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  1. HRC Anonymous User
  2. PGD
  3. Tuesday, 26 February 2013
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Dear Doctor,

I'm over 40 - but have no history of diseases in my/hubby's family, but my doctor recommended PGD, why?

Thank you,
Responses (3)
DrWilcox Accepted Answer Pending Moderation
This is a tough question because data supports PGD may lower pregnancy rates. If you are 40, the data supports you may have a difficult time getting pregnant with ivf. You would need to produce no less than 10 eggs and preferably have 6 embryos, for me to consider recommending pgd.

Dr. John G. Wilcox, M.D., Pasadena, Ca.
  1. more than a month ago
  2. PGD
  3. # 1
HRC Anonymous User Accepted Answer Pending Moderation
I turned 42 last week. My husband and I have been married 2 years and done 4 rounds of IVF. First 2 nothing. 3rd.round miscarried after we saw heartbeat at week 8. Last round miscarried at week 6, never saw heartbeat. My doc says we should use an egg donor. In all 4 cycles I have produced 13-16 eggs. My last cycle produced 14 eggs. 11 fertilized. they transfered 5. they said the quality was 3 A+s and 2 A-s. All five were 8s(on day 3 transfer). They feel because I have miscarried 2x that my eggs are too old and I will continue to miscarry. Could I be helped with PGD? by transfering eggs that you could see had no abnormalities? Would it be worth trying one last time before going to an egg donor? It has always been my dream to have a child, I just didn't meet my husband until I was 39. Thank you so much for your answer in advance.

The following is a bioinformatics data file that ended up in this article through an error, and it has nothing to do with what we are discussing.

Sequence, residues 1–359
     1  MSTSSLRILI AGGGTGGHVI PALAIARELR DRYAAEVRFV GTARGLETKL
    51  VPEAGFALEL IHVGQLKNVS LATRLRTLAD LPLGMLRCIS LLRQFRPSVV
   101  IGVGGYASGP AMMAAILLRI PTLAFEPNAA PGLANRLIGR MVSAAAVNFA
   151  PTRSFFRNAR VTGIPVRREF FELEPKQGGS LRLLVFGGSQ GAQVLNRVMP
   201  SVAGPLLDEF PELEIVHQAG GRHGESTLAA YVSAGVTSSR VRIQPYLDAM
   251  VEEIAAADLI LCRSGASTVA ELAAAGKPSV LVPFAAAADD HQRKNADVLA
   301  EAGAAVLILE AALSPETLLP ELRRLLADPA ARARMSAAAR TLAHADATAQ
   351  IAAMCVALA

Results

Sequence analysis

1. more than a month ago
  2. PGD
  3. # 2
DrWilcox Accepted Answer Pending Moderation
This is not an easy answer for me. I empathize with you after 4 failed ivf cycles. You have conceived 2 of the 4 and did see a heartbeat in the 3 cycle. I wish your doctor has performed a karyotype of the pregnancy to determine whether the baby was genetically abnormal. Unfortunately, I have had many patients with similar issues and in the perfect world, you could do the 5th cycle with PDG to determine whether any of the embryos are normal. I have had patients with virtually no normal embryos, especially at 42. If you have adequate resourses, I would try one more cycle with PGD before moving on the egg donation. This answer is highly subjective, and you must reflect on how you are managing your financial, emotional, and physical stamina. You may simply validate your worst fears with PGD, but it would be definitive. You definitely want to use GSN for the parental support to have the greatest accuracy for the karyotype. I would be happy to do a phone consultation with you to explore your options further.

Good luck.
  1. more than a month ago
  2. PGD
  3. # 3
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